High Fructose Corn Syrup - Is It As Evil As We've Been Told?

March 28, 2016 Debbie Bowman

Firstly, what is high fructose corn syrup? HFCS is a popular sweetener derived from corn.  It was invented in Japan in 1956 and introduced to North America in 1975. Basically, to get HFCS from corn, enzymes are used to change some of the naturally occurring glucose into fructose.  Though there is some controversy regarding the health effects of how HFCS is made, HFCS is basically half fructose and half glucose. Specifically, HFCS is 55% fructose and 45% glucose.  

Why is HFCS so popular with food manufacturers?  HFCS came into vogue in the 1970's but it really took off in the mid 1990's when subsidies to corn growers made the cost of HFCS much cheaper than ordinary table sugar.  All in all, because it's a liquid it's easier to ship around, and because of the subsidies, it increases the company's bottom line.  Hmmm, sort of the same thing it does to us - but we'll get to that later. 

Where can HFCS be found?  Well, the simpler question to ask is where it's NOT found, because HFCS has become ubiquitous in the standard North American diet - generally, it's everywhere.  For example, most fast foods contains HFCS.  As well, most processed foods sold in North America contain HFCS -  foods such as pastries, condiments and sauces, lunch meats….(lunch meats?!), cereals, and yogurts. Even staple foods like bread almost always contain added sugars, usually in the form of HFCS.  To illustrate the fact that there is a lot of added sugar in our staple foods, I surveyed the breads offered at a popular local grocery store.  Here are the results: Out of 51 different choices of bread, 46 contained either sugar or HFCS - even those touted as organic or for weight loss.   

So we should use normal table sugar instead, right?  Wrong, because table sugar, or sucrose, is chemically just the same as HFCS.  Remember that HFCS is basically half fructose and half glucose?  Well, sucrose is simply one glucose molecule connected to one fructose molecule.  The weak chemical bond connecting the two molecules is broken during digestion in the mouth and stomach, and the body then metabolizes the two separate molecules.  Essentially, as far as our metabolism is concerned, table sugar and HFCS are the same.  And here's the rub - they're also equally bad.  That's because both HFCS and table sugar are 50% fructose, which is now known to cause major health problems when consumed in large quantities.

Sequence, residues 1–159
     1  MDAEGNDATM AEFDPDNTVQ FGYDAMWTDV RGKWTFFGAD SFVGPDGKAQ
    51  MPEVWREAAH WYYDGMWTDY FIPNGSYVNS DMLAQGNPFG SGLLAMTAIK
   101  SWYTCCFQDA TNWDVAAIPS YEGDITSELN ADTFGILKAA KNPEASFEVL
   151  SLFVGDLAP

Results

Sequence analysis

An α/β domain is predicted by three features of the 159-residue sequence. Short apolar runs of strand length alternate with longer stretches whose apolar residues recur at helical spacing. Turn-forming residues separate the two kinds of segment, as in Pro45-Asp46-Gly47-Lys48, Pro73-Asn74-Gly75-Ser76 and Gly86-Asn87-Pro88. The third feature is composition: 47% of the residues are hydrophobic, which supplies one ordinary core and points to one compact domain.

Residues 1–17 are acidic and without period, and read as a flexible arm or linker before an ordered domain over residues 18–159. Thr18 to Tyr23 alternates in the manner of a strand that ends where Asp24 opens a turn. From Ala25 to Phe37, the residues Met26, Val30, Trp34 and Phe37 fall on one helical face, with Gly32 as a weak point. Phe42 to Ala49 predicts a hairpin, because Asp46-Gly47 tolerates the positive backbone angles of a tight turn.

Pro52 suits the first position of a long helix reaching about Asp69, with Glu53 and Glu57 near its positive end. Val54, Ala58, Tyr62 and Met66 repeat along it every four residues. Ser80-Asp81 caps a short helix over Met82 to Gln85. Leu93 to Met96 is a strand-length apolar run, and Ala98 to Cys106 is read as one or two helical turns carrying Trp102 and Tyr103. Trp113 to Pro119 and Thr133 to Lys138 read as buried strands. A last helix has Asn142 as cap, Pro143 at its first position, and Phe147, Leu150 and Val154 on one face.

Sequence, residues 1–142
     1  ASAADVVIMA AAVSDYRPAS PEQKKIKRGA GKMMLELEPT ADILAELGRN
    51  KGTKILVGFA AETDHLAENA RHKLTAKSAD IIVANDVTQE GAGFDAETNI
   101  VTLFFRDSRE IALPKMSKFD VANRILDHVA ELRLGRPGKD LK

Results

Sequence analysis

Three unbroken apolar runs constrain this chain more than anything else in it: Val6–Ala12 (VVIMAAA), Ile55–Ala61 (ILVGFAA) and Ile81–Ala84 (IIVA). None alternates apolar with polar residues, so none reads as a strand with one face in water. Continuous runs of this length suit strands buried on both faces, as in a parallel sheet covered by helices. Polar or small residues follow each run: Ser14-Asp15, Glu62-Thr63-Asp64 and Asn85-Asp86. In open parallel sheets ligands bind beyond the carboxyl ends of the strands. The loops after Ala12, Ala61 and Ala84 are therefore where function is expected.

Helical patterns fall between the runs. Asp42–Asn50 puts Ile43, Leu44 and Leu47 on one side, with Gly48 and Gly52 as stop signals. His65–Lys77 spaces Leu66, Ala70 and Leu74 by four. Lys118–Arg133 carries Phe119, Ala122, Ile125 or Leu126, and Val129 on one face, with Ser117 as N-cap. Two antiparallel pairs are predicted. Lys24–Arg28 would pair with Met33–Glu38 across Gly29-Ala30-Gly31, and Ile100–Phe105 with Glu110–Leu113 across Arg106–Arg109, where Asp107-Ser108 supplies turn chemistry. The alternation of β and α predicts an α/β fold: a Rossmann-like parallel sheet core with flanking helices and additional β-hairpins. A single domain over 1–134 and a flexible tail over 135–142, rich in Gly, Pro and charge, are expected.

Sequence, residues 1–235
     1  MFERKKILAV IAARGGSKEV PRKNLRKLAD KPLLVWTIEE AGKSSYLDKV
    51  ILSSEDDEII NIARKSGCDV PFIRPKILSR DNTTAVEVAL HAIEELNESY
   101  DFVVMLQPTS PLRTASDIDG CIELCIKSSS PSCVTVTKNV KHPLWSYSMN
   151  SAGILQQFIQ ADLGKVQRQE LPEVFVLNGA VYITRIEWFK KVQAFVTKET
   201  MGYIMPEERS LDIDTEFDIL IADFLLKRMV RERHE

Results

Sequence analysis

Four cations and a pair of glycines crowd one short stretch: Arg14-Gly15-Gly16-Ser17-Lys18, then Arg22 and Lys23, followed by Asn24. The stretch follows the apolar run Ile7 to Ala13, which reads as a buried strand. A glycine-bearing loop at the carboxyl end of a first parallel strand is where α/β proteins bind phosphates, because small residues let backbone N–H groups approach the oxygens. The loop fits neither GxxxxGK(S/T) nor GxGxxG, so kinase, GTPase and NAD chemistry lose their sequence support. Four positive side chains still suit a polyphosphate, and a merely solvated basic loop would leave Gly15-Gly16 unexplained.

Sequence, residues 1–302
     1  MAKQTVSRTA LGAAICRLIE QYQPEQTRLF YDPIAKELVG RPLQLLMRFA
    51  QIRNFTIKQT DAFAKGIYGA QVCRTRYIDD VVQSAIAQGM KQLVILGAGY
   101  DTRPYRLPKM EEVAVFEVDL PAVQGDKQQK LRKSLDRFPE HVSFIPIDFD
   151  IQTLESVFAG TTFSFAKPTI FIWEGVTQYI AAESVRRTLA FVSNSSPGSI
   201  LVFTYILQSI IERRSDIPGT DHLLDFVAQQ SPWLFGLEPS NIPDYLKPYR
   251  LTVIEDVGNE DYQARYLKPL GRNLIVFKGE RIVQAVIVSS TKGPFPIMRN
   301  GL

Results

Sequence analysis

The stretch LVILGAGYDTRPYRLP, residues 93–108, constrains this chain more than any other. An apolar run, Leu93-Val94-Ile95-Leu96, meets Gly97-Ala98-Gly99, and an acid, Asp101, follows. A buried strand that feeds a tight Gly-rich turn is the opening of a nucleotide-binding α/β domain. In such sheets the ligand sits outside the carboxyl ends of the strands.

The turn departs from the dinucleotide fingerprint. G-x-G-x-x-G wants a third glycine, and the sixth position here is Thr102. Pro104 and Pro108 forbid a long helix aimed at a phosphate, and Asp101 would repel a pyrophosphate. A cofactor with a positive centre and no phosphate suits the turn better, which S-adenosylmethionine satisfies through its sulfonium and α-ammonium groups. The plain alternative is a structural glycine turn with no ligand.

Why is fructose worrisome? It's a matter of how the fructose is metabolized in the body.  Only the liver can metabolize fructose.  When you consume large amounts of fructose - which is easily done with today's processed foods - a large portion of the fructose gets changed over to triglycerides, otherwise known as fats.  Basically, when you consume fructose you consume fat, because excess fructose spills over from the liver as fat storage.   

Fructose metabolism also leads to uric acid.  Uric acid causes two health problems; high blood pressure and gout.  Gout, once a disease of the middle ages, has seen a resurgence in past decades, which is in proportion to the increased consumption of fructose.  Interesting. 

Fructose also effects hunger and satiety signals…and not in good ways.  Specifically, fructose fails to suppress ghrelin, a hormone that indicates hunger.  It also fails to stimulate leptin, a hormone that indicates satiety, or fullness.  Therefore, eating processed foods that contain fructose may cause you to eat more.   I'm reminded of the "You can't eat just one!" Lay's chips campaign.  They were more right than they knew.  

Fructose also leads to belly fat, specifically, visceral fat, or VF. VF is not the subcutaneous fat found just under the skin all over the body. VF is the fat found around the organs in the abdomen, sometimes called a beer belly or a spare tire.  The bad news is that VF is very dangerous to your health.  Specifically, VF is connected to metabolic syndrome. Called the "disease of civilization", metabolic syndrome affects about 25% of North Americans and is characterized by high blood pressure, large waist circumference, as well as low HDL cholesterol, (that's the good one), high blood triglycerides, and high fasting glucose.  Most worrisome, metabolic syndrome is associated with an increased risk of cardiovascular disease and a very high risk of type 2 diabetes.